α is a real number such that 1^{α}, 2^{α}, 3^{α}, ... are all integers. Show that α ≥ 0 and that α is an integer.

**Solution**

Note first that α is obviously not negative, because then n^{α} would be between -1 and 0 for sufficiently large n.

It is also fairly obvious that α cannot be rational (and non-integral). For if 2^{m/n} = A, then 2^{m} = A^{n}, so A must be a power of 2, but then m is a multiple of n. However, that line of approach gets us nowhere with irrational values.

The hint is to use some sort of mean value theorem. The idea is that this gives us another expression for the difference between the value of f(x) at two points. We might then hope to show that the expression was non-integral, but the difference integral.

In principle, we have two choices for f(x): x^{α} or n^{x}. The latter does not seem promising because the derivative is n^{x} log n. If x is allowed to range over some interval (as in the MVT) then we cannot be sure whether it is integral or non-integral. It is certainly not small.

On the other hand, the former is not immediately promising either. The derivative is α x^{α-1} (*). But suppose α < 1. Then α - 1 < 0, so for sufficiently large x the derivative will be less than 1. It will still be positive, so it will be between 0 and 1 and hence non-integral. The MVT tells us that f(n+1) - f(n) = f '(ξ) for some ξ between n and n+1, so if n is suffiently large f(n+1) - f(n) is an integer, but f '(ξ) is not. Contradiction. So we can rule out 0 < α < 1.

In principle, we could get a contradiction for larger α if we could use a larger derivative. We have f^{(n)}(x) = α(α-1) ... (α-k+1) x^{α-k}, which will be between 0 and 1 provided that we choose k so that k-1 < α < k and take x sufficiently large.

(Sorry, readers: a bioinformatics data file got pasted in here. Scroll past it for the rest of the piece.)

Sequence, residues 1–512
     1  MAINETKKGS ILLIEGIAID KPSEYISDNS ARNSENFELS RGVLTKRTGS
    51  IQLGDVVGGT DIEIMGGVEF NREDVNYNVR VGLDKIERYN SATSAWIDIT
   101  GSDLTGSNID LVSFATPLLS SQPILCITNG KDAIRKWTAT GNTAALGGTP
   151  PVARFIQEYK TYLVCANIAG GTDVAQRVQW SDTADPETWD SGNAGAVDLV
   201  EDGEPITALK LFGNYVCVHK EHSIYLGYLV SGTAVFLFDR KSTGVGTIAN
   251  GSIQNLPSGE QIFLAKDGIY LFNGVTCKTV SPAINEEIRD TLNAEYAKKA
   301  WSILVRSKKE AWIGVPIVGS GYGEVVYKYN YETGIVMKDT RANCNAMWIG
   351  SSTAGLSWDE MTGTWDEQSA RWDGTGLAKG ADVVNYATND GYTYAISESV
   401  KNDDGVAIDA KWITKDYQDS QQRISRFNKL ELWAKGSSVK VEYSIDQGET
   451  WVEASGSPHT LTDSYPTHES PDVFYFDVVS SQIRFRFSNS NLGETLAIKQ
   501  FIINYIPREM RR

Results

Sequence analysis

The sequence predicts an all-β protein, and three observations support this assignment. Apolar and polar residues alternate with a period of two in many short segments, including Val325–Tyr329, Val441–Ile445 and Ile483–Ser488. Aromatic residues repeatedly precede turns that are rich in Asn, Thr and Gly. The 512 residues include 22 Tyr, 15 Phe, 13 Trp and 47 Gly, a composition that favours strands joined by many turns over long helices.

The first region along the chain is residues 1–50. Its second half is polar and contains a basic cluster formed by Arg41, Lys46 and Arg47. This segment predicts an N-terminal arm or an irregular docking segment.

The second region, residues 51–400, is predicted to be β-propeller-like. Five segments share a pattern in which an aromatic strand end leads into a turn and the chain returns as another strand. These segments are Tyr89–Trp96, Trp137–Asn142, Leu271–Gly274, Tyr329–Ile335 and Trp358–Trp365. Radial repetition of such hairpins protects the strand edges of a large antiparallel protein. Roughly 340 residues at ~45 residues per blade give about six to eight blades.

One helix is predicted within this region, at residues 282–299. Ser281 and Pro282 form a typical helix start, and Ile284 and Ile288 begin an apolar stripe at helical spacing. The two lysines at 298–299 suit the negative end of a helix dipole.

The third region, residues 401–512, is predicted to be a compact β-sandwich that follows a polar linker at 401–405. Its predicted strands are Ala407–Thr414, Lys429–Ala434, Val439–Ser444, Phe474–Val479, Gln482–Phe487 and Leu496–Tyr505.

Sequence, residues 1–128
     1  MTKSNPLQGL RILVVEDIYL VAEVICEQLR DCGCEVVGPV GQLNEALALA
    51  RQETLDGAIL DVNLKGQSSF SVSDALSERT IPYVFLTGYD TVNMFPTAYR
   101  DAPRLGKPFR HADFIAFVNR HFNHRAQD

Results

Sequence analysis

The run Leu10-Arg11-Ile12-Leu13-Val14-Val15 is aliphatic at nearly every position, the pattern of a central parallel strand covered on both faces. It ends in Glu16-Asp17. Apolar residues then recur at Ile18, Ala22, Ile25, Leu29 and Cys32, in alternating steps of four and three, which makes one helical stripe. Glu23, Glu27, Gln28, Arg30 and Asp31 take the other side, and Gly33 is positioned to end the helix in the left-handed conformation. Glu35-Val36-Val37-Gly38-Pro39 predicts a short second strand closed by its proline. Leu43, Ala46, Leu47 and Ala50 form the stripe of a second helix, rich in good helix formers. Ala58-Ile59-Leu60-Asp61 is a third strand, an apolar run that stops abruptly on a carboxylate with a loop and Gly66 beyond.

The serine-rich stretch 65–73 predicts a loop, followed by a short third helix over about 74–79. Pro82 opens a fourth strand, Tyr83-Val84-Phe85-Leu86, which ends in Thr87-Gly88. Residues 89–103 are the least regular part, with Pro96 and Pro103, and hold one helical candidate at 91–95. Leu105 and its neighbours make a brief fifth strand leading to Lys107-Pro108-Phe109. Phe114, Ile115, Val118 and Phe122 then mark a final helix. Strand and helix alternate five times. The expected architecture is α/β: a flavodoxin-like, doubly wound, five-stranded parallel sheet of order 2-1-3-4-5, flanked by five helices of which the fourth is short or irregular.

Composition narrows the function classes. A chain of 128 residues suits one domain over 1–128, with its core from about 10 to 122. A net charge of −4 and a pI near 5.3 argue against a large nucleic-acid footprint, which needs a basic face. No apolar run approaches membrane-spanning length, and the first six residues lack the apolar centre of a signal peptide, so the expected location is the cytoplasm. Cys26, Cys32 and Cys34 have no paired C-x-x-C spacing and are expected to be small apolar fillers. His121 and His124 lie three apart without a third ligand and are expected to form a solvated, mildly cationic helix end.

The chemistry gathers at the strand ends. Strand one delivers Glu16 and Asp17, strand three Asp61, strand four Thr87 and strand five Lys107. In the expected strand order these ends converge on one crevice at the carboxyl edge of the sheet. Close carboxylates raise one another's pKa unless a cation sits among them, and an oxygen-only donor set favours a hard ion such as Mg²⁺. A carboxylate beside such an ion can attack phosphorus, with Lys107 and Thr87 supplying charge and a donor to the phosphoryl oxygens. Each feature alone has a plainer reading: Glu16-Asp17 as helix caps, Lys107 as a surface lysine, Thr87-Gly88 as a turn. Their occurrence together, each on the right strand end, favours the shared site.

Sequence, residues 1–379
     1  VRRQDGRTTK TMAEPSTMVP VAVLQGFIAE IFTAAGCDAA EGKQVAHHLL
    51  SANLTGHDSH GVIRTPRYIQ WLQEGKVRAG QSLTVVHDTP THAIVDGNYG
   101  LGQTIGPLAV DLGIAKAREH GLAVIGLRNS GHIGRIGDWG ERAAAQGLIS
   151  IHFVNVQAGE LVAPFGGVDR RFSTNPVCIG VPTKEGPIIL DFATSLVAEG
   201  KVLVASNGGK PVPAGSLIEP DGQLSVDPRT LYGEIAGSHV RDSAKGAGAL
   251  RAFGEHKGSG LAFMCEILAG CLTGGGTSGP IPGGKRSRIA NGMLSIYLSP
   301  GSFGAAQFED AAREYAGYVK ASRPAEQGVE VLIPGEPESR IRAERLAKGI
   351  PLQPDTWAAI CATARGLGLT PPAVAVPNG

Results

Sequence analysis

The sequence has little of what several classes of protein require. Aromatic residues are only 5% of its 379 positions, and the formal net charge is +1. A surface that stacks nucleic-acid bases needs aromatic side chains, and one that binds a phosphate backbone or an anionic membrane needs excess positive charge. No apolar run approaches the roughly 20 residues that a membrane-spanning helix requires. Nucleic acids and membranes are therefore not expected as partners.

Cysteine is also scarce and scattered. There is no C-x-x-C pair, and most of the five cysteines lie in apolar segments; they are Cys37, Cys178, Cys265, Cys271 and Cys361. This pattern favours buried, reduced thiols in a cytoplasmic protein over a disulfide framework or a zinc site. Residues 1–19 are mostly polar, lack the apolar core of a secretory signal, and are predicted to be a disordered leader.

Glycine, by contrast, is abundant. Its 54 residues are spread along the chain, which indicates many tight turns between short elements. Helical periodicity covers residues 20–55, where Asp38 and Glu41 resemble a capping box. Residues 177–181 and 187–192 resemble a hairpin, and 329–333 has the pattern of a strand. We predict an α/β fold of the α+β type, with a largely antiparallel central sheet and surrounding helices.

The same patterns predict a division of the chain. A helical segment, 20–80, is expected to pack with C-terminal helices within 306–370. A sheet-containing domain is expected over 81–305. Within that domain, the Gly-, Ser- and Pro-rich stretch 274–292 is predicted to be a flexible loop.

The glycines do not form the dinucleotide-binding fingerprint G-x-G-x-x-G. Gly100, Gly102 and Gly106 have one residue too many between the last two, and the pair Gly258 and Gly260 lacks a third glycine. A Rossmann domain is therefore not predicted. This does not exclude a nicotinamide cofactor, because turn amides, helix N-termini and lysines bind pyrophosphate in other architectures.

So we need a MVT which involves f^{(n)}(ξ) plus terms which are all integral. The usual generalisation is the Taylor series with remainder. That does not help, because the other terms are mainly non-integral - they involve the lower derivatives which all have a factor α.

However, there is another generalisation. Define Δf(x) = f(x+1) - f(x). We can iterate D, so that D^{2}f(x) = Δf(x+1) - Δf(x) = f(x+2) - 2f(x+1) - f(x). We claim that Δ^{2}f(x) = f^{(2)}(ξ) for some ξ in [x, x+2]. The proof is almost immediate by applying the MVT to Δf(x). [Let g(x) = Δf(x). Then by the MVT Δg(x) = g'(ζ) for some ζ in [x, x+1]. But g'(ζ) = f '(ζ+1) - f '(ζ). By the MVT this is f ''(ξ) for some ξ in [ζ, ζ+1] and hence in [x, x+2]. ] By a simple induction, we can also show that Δ^{n}f(x) = f^{(n)}(ξ) for some ξ in [x, x+n].

This is the generalisation we need because Δ^{k}f(n) is an integral combination of values of f at integer points and hence integral. Whereas for suitable n and k we showed above that f^{(k)}(n) is non-integral.

© John Scholes

jscholes@kalva.demon.co.uk

7 Feb 2001